It was hundreds of years ago, a tale of ol'e, as they say, but still it is written and sung by the men of Eländale. It is a tale of two souls, forests and shadows, as are all tales of the North. It bears many names, but for now we will settle for the simplest : the maiden of the grove.
It began in a village far from all, in the depths of the Shroudwald where mist lies - a cursed place in a cursed land. In those times sunlight still fell on its soil, and men lived from the hunt and fruits it bore. In the bushes now bare and the meadows now lifeless still grew plants of many shapes and kinds, daisies and milkweed where now grows only thorns. There was, near this village still spared by the Wald's cursed fog, one of such fertile groves, sacred to these men of the woods. They sent only the purest of souls to pick its fruits, and she was always a maiden, unmarried, untouched : the maiden of the grove.
On the morning of a holy day, under the setting moon, the maiden set out for her harvest, sickle and basket in hand. She was dancing among the evergreen boughs, a crown of flowers in her hair as she sung hope to the sacred trees, when among the twisted trunks she caught the glint of steel. She found under dawn's first ray a kneeling knight, with blade and blood at his feet.
"Fear not! I mean no harm", he spoke softly. "I am wounded and worn."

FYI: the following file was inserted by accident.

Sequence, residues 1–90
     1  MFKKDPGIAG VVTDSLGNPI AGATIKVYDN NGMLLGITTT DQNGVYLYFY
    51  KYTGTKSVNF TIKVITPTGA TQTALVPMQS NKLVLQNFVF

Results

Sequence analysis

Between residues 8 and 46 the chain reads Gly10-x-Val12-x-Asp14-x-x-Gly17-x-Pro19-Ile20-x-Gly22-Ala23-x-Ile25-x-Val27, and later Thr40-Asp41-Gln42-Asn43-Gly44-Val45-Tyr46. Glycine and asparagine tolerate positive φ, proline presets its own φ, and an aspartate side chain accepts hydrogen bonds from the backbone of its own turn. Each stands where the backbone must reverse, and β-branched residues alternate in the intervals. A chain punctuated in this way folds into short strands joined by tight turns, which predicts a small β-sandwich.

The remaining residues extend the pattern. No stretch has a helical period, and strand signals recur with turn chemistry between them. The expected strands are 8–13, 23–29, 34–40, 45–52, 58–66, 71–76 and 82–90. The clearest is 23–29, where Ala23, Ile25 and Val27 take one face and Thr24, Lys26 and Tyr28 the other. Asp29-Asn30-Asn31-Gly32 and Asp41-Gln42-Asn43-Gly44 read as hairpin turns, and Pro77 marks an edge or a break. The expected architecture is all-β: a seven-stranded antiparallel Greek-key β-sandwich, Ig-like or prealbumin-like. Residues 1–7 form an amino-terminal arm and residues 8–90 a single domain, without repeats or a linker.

Indeed dirt did stain his garb and armor, and surely his face too must've borne many scars.
"You tread upon sacred lands, stranger, but you are wounded, and so I cannot chase you." "I did not mean to intrude, but the night has worn me, and I longed for the warmth of the Sun." She seemed surprised at his words.
"You should not wander into the woods at night, there are things that prowl here - things risen from the earth, that hunger for the flesh of man."
He pointed to his blade, planted firmly in the ground.
"No demon can ever hope to match a sword wielded with light in heart. Yet I am wounded," the knight laughed - his voice betrayed a smile, though his face was hidden by the visor of his helm. "Please, if you would help me, maiden? The leaves of this tree could soothe my pain, but I cannot reach them - if you would gather a few for me, I would be eternally grateful." And so the maiden brought to the knight leaves of the sacred grove's tree and mended his wounds, and did not see him again for many days.